The baptism announced by John formed the subject, even at the time, of a question,
          proposed by the Lord Himself indeed to the Pharisees, whether that baptism were
          heavenly, or truly earthly: about which they were unable to give a consistent answer,
          inasmuch as they understood not, because they believed not. But we, with but as poor a
          measure of understanding as of faith, are able to determine that that baptism was divine
          indeed, (yet in respect of the command, not in respect of efficacy too, in that we read that
          John was sent by the Lord to perform this duty,) but human in its nature: for it conveyed
          nothing celestial, but it fore-ministered to things celestial; being, to wit, appointed over
          repentance, which is in man's power. In fact, the doctors of the law and the Pharisees,
          who were unwilling to "believe,"did not "repent" either. But if repentance is a thing human,
          its baptism must necessarily be of the same nature: else, if it had been celestial, it would
          have given both the Holy Spirit and remission of sins. But none either pardons sins or
          freely grants the Spirit save God only. Even the Lord Himself said that the Spirit would not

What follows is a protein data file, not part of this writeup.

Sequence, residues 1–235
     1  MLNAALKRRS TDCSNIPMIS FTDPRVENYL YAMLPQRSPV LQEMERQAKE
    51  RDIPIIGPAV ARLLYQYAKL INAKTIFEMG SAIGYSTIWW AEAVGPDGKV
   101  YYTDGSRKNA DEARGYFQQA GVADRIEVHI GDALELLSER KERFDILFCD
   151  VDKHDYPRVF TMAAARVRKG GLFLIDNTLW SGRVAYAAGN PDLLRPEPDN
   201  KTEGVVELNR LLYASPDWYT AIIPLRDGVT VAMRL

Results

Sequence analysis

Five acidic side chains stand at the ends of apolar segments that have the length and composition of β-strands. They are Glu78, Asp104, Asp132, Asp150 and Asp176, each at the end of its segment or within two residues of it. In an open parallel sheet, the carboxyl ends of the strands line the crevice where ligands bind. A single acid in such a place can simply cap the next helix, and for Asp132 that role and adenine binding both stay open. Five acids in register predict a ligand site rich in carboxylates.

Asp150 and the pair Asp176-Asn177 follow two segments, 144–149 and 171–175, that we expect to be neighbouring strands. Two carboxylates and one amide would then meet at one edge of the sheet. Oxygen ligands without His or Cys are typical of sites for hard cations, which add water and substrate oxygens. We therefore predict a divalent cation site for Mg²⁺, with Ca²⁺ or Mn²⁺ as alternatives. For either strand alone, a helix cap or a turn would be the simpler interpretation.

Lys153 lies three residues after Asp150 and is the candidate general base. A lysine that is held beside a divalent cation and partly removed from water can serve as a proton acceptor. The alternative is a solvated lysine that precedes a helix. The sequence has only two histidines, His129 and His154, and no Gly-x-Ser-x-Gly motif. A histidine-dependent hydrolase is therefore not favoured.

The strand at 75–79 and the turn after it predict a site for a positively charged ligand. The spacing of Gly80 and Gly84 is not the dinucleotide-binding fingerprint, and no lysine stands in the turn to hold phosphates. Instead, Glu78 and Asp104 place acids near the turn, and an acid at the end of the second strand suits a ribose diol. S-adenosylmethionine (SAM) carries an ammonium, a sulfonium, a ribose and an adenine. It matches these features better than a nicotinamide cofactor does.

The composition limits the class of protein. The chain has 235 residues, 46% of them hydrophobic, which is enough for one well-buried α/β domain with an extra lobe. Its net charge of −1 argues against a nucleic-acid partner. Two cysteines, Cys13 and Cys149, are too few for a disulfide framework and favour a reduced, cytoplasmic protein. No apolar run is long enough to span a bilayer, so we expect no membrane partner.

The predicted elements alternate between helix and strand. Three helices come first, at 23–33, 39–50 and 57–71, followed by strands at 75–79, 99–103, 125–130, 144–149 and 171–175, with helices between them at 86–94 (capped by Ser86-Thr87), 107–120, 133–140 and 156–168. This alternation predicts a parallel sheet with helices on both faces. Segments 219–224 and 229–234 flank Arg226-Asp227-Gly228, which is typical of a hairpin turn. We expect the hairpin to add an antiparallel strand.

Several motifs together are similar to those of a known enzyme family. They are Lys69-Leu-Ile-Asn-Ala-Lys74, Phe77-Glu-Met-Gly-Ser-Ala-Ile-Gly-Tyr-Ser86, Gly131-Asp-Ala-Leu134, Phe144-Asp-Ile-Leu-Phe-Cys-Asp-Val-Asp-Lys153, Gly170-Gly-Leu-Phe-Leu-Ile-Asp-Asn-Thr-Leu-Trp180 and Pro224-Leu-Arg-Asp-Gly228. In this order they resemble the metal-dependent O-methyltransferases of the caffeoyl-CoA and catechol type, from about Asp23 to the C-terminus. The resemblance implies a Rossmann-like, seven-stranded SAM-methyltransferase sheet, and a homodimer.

descend on any other condition, but that He should first ascend to the Father. What the
          Lord was not yet conferring, of course the servant could not furnish. Accordingly, in the
          Acts of the Apostles, we find that men who had "John's baptism" had not received the
          Holy Spirit, whom they knew not even by hearing. That, then, was no celestial thing which
          furnished no celestial (endowments): whereas the very thing which was celestial in John -
          the Spirit of prophesy - so completely failed, after the transfer of the whole Spirit to the
          Lord, that he presently sent to inquire whether He whom he had himself preached, whom
          he had pointed out when coming to him, were "HE." And so "the baptism of repentance"
          was dealt with as if it were a candidate for the remission and sanctification shortly about
          to follow in Christ: for in that John used to preach "baptism for the remission of sins," the
          declaration was made with reference to a future remission; if it be true, (as it is,) that
          repentance is antecedent, remission subsequent; and this is "preparing the way." But he
          who "prepares" does not himself "perfect," but procures for another to perfect. John
          himself professes that the celestial things are not his, but Christ's by saying, "He who is
          from the earth speaketh concerning the earth; He who comes from the realms above is
          above all;" and again, by saying that he "baptized in repentance only, but that One would
          shortly come who would baptize in the Spirit and fire;" - of course because true and stable
          faith is baptized with water, unto salvation; pretended and weak faith is baptized with fire,
          unto judgement.

(Edited by Alexander Roberts, James Donaldson; Revised and arranged with notes A. Cleveland Coxe,